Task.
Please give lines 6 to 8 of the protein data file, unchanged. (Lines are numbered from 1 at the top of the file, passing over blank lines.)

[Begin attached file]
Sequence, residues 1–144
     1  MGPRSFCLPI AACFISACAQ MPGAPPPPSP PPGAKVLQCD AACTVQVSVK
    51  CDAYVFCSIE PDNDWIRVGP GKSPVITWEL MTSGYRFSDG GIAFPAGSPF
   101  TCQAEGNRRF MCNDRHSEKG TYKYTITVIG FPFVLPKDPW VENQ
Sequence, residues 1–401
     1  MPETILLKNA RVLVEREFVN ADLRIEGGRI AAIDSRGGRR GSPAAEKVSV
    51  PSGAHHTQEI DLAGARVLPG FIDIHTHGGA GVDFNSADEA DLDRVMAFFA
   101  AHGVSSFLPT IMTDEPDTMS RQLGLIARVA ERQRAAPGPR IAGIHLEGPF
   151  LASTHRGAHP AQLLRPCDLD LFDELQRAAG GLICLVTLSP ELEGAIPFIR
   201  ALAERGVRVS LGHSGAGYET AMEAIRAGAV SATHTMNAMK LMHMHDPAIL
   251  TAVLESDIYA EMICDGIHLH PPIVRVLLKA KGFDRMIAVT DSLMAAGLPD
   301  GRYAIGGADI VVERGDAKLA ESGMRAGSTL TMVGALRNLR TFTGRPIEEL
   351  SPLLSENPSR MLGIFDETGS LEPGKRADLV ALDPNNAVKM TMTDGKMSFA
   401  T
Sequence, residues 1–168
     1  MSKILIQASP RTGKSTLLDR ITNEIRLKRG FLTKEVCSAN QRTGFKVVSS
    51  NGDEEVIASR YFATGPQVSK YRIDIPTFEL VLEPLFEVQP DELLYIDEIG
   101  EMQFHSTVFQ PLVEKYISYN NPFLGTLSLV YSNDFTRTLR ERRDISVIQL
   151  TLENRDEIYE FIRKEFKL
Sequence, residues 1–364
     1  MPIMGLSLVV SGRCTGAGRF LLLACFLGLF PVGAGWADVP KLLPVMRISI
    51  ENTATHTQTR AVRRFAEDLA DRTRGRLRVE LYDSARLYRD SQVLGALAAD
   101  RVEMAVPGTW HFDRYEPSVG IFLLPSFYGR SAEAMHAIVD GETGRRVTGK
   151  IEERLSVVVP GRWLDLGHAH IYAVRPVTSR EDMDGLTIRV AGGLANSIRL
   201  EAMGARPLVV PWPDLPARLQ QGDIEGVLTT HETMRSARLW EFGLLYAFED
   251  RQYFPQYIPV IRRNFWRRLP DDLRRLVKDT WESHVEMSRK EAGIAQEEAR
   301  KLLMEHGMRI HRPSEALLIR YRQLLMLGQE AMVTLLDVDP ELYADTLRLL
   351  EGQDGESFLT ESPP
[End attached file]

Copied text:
     1  MPETILLKNA RVLVEREFVN ADLRIEGGRI AAIDSRGGRR GSPAAEKVSV
    51  PSGAHHTQEI DLAGARVLPG FIDIHTHGGA GVDFNSADEA DLDRVMAFFA
   101  AHGVSSFLPT IMTDEPDTMS RQLGLIARVA ERQRAAPGPR IAGIHLEGPF